Ilya Shapiro is a senior fellow in constitutional studies at the Cato Institute and editor-in-chief of the Cato Supreme Court Review. Before joining Cato, he was a special assistant/advisor to the Multi-National Force in Iraq on rule of law issues and practiced international, political, commercial, and antitrust litigation at Patton Boggs and Cleary Gottlieb. Shapiro has contributed to a variety of academic, popular, and professional publications, including the Wall Street Journal, Harvard Journal of Law & Public Policy, L.A. Times, USA Today, National Law Journal, Weekly Standard, New York Time Online, and National Review Online, and from 2004 to 2007 wrote the "Dispatches from Purple America" column for TCS Daily.com. He also regularly provides commentary for various media outlets, including CNN, Fox News, ABC, CBS, NBC, Univision and Telemundo, The Colbert Report, NPR, and American Public Media's Marketplace. Shapiro has provided testimony to Congress and state legislatures and, as coordinator of Cato's amicus brief program, filed more than 100 "friend of the court" briefs in federal courts around the country (more than 80 of those in the Supreme Court). He lectures regularly on behalf of the Federalist Society and other groups, is a member of the Legal Studies Institute's board of visitors at The Fund for American Studies, was an inaugural Washington Fellow at the National Review Institute, and has been an adjunct professor at the George Washington University Law School. Before entering private practice, Shapiro clerked for Judge E. Grady Jolly of the U.S. Court of Appeals for the Fifth Circuit, while living in Mississippi and traveling around the Deep South. He holds an A.B. from Princeton University, an M.Sc. from the London School of Economics, and a J.D. from the University of Chicago Law School (where he became a Tony Patiño Fellow). Shapiro is a member of the bars of New York, the District of Columbia, and the U.S. Supreme Court. He is a native speaker of English and Russian, is fluent in Spanish and French, and is proficient in Italian and Portuguese.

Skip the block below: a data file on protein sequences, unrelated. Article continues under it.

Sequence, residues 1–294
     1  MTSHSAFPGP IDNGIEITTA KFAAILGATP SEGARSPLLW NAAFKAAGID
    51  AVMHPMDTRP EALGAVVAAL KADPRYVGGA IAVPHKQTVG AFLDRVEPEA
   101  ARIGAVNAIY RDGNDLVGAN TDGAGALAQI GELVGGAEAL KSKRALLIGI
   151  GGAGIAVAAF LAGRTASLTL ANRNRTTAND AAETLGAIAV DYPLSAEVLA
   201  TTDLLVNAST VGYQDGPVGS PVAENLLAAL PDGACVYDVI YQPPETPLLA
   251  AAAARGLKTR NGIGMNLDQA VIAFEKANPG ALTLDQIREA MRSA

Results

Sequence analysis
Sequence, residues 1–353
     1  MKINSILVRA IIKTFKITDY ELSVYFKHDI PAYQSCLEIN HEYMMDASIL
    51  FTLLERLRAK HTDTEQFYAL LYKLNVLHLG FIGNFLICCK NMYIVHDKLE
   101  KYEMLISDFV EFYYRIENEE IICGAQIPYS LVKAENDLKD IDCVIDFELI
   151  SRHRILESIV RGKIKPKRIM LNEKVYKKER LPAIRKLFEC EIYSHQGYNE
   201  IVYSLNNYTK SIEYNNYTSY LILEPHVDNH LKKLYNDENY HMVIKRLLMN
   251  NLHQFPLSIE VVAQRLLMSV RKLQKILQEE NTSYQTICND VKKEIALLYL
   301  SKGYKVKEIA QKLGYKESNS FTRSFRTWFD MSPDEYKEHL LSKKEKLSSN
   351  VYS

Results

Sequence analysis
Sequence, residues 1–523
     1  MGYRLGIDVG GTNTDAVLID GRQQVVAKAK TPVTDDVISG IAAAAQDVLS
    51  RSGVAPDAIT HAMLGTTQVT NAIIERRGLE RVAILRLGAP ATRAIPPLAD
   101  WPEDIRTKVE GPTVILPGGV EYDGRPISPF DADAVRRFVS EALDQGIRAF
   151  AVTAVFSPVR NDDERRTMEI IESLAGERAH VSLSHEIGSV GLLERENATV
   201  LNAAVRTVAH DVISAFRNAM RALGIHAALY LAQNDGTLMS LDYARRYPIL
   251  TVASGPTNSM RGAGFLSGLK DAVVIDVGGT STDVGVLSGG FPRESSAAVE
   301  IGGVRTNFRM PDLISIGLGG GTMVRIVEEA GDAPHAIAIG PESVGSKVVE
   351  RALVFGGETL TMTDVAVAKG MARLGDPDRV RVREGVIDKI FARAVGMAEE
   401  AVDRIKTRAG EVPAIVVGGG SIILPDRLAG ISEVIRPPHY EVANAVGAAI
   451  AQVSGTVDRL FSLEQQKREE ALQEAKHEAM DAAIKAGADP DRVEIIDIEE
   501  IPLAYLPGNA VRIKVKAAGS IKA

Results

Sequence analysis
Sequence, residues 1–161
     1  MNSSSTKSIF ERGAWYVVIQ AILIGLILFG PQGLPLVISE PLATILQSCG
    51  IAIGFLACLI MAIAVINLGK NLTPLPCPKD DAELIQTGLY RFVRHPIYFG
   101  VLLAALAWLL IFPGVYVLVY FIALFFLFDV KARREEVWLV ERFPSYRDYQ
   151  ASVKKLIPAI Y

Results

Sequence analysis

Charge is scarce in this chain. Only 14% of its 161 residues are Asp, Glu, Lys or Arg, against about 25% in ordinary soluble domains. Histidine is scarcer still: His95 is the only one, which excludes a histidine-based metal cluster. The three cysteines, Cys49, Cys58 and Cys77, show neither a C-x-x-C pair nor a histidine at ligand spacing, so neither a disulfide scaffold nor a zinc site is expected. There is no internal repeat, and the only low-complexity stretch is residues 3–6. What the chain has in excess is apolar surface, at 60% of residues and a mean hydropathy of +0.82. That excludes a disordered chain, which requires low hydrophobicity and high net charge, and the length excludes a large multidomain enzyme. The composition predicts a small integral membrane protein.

There’s likewise no dispute that when Congress funds private parties to deliver a public message, it can control that message.Read More »